Satin paints are a good compromise of all these characteristics. They offer a classy look with a slight but not too aggressive sheen, that is often preferred for all kinds of rooms. Glossier paints tend to accentuate imperfections and uneven spots of walls, while they will be somewhat concealed and covered by a satin coat. In practice, the resistance of satin against humidity and slight wear – such as being touched by hands – is sufficient for private homes. Therefore, satin is one of the most popular types of wall paint on the market.
Example of Satin Paint.
Find this one and other satin paint on Amazon.
Satin vs. Semi-Gloss vs. Gloss Lacquer
Lacquer covers the treated surface with a coat which makes it generally more resistant than paint. <Because of this characteristic and its ingredients, lacquer comes typically with a higher level of sheen. Satin is usually the least shiny form of lacquer while it is yet more reflective than most satin paints.
Thanks to the protective and resilient character of lacquer coats, the differences between satin and gloss in durability and humidity-resistance are not as significant as for paint. Fingermarks and stains tend to be more visible on glossier surface but they can be removed easily.
If you decide to use lacquer as a finish for wood, furniture, metal or other objects and surfaces, you can therefore choose the grade of sheen solely based on the intended appearance.
Example of gloss lacquer.
(Check price on Amazon).
Matte vs. Satin vs. Semi-Gloss Polyurethane
Polyurethane is a typical finish for hardwood floors and floating floors made of wood. It also provides a protective coat on top of the surface which prevents the floor from scratches and marks. Thus, there is no significant relation between the amount of sheen and the durability of the coat.
Therefore, you can select from matte, satin, semi-gloss or even gloss polyurethane solely based on the preferred amount of sheen. However, note that semi-gloss and gloss finishes tend to accentuate the original surface of the floor while less shiny polyurethane coats tend to conceal it to some extent. Keep in mind that oil-based polyurethane will come with an amber hue and turns darker over time while water-based or acrylic polyurethane is generally colorless – read more about the different types of poly here.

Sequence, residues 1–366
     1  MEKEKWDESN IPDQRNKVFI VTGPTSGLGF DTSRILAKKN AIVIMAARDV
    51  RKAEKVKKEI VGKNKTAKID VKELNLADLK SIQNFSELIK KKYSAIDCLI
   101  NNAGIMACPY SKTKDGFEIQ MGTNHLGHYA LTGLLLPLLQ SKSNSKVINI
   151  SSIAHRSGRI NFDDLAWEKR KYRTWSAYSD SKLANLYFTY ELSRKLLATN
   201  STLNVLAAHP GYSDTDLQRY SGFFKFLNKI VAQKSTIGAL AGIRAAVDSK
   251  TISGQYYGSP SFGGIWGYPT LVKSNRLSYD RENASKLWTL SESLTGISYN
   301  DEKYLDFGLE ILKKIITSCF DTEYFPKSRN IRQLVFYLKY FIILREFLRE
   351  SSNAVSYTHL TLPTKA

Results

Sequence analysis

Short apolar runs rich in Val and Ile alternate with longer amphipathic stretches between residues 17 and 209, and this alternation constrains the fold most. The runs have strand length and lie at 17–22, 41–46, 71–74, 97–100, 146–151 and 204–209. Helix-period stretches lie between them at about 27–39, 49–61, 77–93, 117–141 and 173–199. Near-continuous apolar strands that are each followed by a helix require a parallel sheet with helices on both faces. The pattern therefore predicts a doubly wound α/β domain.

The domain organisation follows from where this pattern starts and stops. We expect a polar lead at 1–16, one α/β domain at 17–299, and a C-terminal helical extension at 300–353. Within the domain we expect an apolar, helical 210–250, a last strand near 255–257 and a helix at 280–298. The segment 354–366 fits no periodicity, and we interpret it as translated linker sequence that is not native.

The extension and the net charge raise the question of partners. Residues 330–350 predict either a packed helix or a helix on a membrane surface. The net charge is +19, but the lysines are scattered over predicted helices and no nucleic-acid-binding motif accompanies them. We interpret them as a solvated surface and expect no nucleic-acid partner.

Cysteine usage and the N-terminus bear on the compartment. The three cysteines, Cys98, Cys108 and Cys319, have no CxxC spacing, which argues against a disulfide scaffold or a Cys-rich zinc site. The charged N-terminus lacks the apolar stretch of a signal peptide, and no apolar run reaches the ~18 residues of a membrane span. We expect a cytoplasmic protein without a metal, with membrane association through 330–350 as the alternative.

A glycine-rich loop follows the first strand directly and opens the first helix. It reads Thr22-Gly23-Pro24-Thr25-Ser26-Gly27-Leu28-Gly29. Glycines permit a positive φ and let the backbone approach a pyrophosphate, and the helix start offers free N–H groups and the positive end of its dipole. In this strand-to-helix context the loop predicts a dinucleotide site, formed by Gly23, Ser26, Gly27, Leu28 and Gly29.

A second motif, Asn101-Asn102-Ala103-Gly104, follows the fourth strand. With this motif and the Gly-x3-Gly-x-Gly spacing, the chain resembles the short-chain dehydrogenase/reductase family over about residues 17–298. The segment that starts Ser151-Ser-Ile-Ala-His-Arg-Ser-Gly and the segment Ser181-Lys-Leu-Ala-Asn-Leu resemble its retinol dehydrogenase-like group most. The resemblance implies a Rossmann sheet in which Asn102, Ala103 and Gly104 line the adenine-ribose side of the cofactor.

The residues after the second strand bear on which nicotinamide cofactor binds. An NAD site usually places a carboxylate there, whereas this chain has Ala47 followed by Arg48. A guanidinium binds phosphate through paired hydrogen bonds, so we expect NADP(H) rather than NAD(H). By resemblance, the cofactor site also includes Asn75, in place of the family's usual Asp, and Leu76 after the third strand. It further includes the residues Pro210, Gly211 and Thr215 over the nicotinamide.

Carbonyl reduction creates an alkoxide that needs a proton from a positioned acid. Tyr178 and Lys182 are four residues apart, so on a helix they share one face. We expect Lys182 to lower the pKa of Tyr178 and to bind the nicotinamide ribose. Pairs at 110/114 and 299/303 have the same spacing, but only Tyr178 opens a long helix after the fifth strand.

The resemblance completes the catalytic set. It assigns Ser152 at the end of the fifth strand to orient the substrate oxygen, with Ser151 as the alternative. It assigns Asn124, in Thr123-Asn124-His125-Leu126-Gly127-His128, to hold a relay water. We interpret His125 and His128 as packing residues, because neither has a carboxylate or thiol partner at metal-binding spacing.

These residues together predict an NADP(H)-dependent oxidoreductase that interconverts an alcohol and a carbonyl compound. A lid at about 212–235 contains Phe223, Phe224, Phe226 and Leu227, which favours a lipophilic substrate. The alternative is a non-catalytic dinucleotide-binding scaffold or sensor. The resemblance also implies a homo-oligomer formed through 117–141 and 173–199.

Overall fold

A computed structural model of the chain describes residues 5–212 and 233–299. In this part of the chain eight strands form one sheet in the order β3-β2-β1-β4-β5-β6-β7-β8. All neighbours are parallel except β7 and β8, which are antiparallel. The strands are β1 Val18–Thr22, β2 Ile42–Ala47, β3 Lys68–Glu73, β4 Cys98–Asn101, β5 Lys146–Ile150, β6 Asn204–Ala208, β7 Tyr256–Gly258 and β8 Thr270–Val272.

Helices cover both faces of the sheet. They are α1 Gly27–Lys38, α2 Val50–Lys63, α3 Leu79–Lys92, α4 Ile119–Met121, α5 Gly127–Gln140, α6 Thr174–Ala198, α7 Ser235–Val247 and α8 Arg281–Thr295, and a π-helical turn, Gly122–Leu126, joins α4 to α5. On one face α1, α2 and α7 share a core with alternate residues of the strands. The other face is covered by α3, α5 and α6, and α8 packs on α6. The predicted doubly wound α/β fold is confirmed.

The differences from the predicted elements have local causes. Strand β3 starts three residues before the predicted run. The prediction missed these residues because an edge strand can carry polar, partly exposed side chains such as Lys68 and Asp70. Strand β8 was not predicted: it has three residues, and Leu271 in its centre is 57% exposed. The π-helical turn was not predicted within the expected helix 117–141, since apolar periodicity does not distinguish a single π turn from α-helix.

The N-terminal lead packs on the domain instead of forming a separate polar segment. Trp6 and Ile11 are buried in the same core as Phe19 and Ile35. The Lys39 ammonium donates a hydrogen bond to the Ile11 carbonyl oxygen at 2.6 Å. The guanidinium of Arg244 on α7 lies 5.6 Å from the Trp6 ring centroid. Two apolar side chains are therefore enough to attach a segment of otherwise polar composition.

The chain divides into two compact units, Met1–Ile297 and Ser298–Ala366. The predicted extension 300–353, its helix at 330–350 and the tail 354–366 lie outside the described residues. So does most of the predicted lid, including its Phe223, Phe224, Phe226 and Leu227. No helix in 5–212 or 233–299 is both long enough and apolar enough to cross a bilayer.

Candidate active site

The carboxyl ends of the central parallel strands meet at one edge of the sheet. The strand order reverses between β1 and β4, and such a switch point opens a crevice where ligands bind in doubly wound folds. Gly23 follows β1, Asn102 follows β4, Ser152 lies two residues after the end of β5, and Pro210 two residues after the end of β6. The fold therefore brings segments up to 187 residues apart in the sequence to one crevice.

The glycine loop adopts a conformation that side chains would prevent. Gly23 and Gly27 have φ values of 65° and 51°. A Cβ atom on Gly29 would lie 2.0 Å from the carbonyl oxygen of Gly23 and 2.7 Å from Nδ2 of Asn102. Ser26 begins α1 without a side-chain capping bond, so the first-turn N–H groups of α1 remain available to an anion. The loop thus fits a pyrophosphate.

Pros and Cons of Matte and Gloss Polyurethane
If your floor is subject to heavy use, you might want to consider that wear is slightly more visible on highly reflective (i.e. gloss and semi-gloss) surfaces. On the other hand, matte and flat polyurethane finishes might almost hide the underlying wood – which can be intended to conceal imperfections though.
When finishing hardwood floors with polyurethane, make sure that you do not apply too many or too thick coats of poly, as this might lead to a plastic-like layer that looks either lustrous (gloss polyurethane) or blurred (flat, matte and satin polyurethanes).
Whether you are using a flat, matte, satin, semi-gloss or gloss finish is first and foremost a matter of taste. However, there are some practical advantages and disadvantages (besides the appearance) in the case of wall paint, mainly with respect to the durability and cleaning.
If you are using lacquer or polyurethane, you might choose the right amount of sheen solely based on your taste without paying too much attention to practical considerations. This is because both types of finish add a hard coat on top of the treated surface rather than soaking in. Thus, many practical considerations related to matte vs. satin vs. gloss paint do not apply to poly and lacquer.
Find more articles about the differences between satin and gloss as well as the grades of sheen in our blog. Also, check out our section on the different types of finishes and their advantages and disadvantages.